If you’re like me, your Apple Watch is essentially glued to your wrist. A walk almost feels like wasted steps if my Apple Watch isn’t there to track each stride. And given that many of us rely so heavily on fitness bands to inform us about our exercise each day, we want that information is as accurate as possible.
No fitness tracker is perfect; whether you’re using an Apple Watch or a Fitbit, the numbers you see on your screen are never going to be exact. Still, maintaining your health doesn’t require exact figures; as long as your calories, exercise distance, and pace are all reasonably accurate, you can make smart progress towards your goals.
So, how do you make sure that your Apple Watch is recording your exercise data with as much accuracy as possible? Through a combination of settings, personal information, calibration, and proper use.
Check your Apple Watch settings
The first thing you should do is make sure that you have the proper settings enabled on your iPhone. Without these settings, your watch won’t receive the information it needs to accurately track your workouts.
To start, open your iPhone’s Settings app, then head to Privacy > Location Services. Here, ensure that “Location Services” is turned on; this is the blanket setting that controls whether or not apps and services can access your location. Once you confirm that setting is enabled, scroll down and choose System Services. Here, make sure that “Motion Calibration & Distance” is also turned on.
How to calibrate your Apple Watch
With these settings checked, it’s time to calibrate your watch, and there are two ways to go about it. You can calibrate the watch without overwriting any previous calibration data, or you can reset your calibration data and then calibrate your watch. Let’s first take a look at how to calibrate the watch in general.
You won’t find a setting or option to calibrate your Apple Watch; instead, you calibrate it by simply going for a walk (or run). Where you go for your stroll matters, however: You’ll want to make sure you’re walking somewhere flat, with clear skies that won’t interfere with the GPS signal, like a high school track. You only need to bring your Apple Watch unless you have a Series 1 or earlier — those older models require an iPhone for GPS.
When you’re all set, go ahead and start an Outdoor Walk or Outdoor Run from the Workout app on your watch. You’re going to need to walk or run for 20 minutes for your Apple Watch to fully calibrate. You don’t need to do it all at once, however, so feel free to stop the workout and start another at a later time. What’s more important to consider is your pace; you should keep the same speed for the entire 20 minutes, so if you find it easier to walk for that period of time, we encourage you to do so.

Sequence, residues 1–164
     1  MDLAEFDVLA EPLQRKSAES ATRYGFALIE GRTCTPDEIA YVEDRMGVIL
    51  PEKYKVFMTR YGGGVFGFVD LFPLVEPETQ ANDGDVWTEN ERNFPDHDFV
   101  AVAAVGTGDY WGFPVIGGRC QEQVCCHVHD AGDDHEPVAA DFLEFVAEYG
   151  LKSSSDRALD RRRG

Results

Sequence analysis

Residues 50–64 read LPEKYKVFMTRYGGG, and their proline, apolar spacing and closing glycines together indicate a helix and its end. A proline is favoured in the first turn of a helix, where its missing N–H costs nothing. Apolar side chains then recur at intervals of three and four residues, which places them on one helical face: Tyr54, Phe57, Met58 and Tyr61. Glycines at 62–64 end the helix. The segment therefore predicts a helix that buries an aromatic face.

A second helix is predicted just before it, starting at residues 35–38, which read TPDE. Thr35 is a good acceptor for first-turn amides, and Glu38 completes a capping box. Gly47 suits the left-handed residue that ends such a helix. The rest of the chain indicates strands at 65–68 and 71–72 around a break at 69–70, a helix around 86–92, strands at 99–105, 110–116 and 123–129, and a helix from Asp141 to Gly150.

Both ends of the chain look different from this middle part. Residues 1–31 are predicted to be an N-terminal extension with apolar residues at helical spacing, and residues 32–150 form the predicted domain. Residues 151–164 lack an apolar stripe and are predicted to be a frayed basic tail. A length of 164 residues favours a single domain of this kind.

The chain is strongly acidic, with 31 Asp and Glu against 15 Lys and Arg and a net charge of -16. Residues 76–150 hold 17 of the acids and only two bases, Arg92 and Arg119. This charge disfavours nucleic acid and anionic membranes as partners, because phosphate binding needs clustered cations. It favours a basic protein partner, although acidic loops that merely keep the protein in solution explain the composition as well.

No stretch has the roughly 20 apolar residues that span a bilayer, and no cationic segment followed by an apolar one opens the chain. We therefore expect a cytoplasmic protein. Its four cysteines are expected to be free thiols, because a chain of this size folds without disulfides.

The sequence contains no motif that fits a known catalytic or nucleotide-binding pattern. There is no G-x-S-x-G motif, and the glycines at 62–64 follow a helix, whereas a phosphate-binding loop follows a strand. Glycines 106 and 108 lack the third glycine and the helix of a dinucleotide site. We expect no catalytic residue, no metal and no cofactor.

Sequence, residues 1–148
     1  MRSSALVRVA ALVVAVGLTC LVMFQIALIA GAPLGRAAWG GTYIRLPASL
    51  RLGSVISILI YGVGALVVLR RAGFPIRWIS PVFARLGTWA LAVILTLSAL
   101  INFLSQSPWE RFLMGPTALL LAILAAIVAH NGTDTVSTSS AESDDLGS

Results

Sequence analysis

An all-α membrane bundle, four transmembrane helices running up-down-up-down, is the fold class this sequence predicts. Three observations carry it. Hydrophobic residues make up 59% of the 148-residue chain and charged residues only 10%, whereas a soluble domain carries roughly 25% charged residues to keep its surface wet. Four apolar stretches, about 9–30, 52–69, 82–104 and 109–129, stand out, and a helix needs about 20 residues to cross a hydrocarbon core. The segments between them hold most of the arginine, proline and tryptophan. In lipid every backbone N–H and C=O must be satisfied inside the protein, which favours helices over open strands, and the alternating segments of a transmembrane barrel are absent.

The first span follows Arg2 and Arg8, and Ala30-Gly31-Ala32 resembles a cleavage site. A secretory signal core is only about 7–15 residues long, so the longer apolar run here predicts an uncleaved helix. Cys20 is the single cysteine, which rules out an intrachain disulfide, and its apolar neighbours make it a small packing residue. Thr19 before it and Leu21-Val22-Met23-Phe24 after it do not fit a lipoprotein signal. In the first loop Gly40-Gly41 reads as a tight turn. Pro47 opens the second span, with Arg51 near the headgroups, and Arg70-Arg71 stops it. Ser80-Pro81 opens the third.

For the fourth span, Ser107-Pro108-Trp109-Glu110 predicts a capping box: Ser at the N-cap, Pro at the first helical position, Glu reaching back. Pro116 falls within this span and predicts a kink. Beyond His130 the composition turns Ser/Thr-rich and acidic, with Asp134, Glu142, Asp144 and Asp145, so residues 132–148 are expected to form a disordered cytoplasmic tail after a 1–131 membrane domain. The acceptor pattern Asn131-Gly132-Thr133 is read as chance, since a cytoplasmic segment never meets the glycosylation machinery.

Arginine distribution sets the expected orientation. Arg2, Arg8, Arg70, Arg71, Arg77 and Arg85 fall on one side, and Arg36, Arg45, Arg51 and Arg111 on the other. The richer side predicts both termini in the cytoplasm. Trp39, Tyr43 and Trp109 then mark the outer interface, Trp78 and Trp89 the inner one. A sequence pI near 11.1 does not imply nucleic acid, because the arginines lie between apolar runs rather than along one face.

If you tend to work out at different speeds, you’ll want to do multiple calibrations for your various paces. In case you’re wondering, yes, your Apple Watch is likely calibrating when you walk or run outside already. If you’re not often working out in a flat open space, however, or at a steady pace for at least 20 minutes, you might not have the cleanest calibration data on your watch.
How to reset Apple Watch calibration data
Like I said, your Apple Watch can calibrate anytime you walk or run in an open space. However, it’s still working with previous calibration data; if, for some reason, an earlier calibration was bad, it might be throwing off your readings. In order to calibrate your Apple Watch cleanly, you’ll need to reset that data.
It’s easy to do, if you know where to look. Open the Watch app on your iPhone, then head to Privacy. Now, tap “Reset Fitness Calibration Data.” On the pop-up, choose “Reset Fitness Calibration Data,” and your iPhone will wipe all previous calibration data from its records. Now, you’re free to do a 20-minute walk or run to refresh your Apple Watch’s tracking abilities.
How to update your personal information
Your Apple Watch also takes into account your age, sex, height, weight, medications, and whether you use a wheelchair in tracking your fitness. In order to get the most accurate read, you’ll need to make sure these details are fully up to date.
Open the Watch app, then head to Health > Health Details. Here, you’ll see the information that you’ve previously entered. If it all checks out, you’re all set. But if you need to make changes, it’s easy to do so. Just tap “Edit” in the top right, then alter any of the information here.
Make sure you’re wearing your Apple Watch correctly
How your wear your Apple Watch can affect the readings you get after a workout, as well as general tracking throughout the day. Make sure the Apple Watch is on top of your wrist and has a snug fit without being too tight. This position gives the sensors the best chance to read your heart rate as well as track your steps.
Speaking of tracking steps, you should be mindful of where your watch is as you’re walking. You’ll receive workout credit for walks without a workout enabled, so long as your Apple Watch arm swings as you walk. If it doesn’t, say because you have both hands on a stroller, or you’re holding up a coffee, the watch won’t be able to properly track or credit the exercise. In those cases, make sure to turn on an Outdoor Walk so the watch knows what you’re up to.